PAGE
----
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We have “greater cause for revolution than the men of 1776” radical suffragists contended as they demonstrated, risked arrest, committed civil disobedience, refused to pay their taxes, ran a woman for U.S. president, and petitioned for their rights as citizens of a republic.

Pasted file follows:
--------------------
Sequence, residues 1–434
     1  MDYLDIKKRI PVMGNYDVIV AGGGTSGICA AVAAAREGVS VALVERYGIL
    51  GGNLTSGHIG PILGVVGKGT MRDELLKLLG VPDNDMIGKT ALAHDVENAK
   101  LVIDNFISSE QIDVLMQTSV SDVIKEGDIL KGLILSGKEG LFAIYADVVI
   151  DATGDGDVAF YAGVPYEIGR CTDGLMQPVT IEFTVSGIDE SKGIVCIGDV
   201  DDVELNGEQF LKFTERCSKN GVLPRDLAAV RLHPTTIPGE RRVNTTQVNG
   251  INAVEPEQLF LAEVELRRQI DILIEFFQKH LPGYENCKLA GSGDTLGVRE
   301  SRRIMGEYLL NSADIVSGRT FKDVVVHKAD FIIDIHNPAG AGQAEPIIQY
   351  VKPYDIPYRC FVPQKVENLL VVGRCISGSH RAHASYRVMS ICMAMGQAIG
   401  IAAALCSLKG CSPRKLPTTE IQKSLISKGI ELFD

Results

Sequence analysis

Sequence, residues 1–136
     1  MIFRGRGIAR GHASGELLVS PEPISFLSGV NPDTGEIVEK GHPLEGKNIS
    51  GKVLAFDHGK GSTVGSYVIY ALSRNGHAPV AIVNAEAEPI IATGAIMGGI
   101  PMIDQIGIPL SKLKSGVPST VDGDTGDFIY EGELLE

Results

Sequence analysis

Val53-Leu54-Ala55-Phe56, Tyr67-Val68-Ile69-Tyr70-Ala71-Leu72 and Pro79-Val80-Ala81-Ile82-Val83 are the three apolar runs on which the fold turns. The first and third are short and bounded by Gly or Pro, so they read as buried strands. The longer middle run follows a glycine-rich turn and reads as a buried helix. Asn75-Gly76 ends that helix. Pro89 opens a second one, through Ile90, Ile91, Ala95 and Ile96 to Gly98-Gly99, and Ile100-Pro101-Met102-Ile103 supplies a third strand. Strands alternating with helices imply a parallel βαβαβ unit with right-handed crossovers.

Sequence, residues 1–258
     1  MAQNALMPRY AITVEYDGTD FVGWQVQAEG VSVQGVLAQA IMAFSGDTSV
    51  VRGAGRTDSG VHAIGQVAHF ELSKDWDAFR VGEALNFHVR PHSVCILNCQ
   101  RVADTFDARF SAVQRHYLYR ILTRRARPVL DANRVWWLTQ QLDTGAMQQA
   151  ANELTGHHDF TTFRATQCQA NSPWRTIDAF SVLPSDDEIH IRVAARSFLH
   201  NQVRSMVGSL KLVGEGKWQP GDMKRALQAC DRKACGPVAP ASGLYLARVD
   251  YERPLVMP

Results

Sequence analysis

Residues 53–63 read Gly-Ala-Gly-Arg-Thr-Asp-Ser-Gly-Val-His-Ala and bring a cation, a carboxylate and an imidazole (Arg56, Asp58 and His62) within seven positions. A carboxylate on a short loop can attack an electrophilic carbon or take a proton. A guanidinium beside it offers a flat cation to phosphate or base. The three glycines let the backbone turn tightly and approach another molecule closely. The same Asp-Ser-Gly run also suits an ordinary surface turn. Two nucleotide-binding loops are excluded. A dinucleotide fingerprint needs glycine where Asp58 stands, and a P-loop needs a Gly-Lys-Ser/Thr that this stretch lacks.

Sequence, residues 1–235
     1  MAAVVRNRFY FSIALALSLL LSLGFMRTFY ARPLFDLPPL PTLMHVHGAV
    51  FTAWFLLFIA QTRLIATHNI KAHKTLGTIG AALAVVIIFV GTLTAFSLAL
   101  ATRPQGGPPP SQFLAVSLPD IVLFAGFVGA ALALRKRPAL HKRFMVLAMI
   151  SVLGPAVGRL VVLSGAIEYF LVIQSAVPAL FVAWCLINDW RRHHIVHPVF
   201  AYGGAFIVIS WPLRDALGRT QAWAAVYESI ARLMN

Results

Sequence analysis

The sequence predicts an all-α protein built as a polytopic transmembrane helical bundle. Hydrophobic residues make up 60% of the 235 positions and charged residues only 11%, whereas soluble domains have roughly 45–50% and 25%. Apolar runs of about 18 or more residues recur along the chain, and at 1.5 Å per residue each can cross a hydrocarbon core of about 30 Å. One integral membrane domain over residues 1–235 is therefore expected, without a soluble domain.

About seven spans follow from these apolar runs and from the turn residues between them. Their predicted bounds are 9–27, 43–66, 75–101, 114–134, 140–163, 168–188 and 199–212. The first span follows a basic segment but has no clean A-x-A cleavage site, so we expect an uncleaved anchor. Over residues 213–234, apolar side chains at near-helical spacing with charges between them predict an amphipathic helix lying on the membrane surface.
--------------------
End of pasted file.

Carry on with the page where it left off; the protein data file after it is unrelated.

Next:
The empowering story of feminism’s legacy of nonviolent civil disobedience is told for the first time by a pioneer by a pioneer movement activist/historian Sally Roesch Wagner. A founder of one of the country’s first Women’s Studies programs, and one of the first women to receive a Ph.D. for work in the discipline, Wagner is the biographer of Matilda Joslyn Gage, who was a leading figure in the dramatic Time of Protest.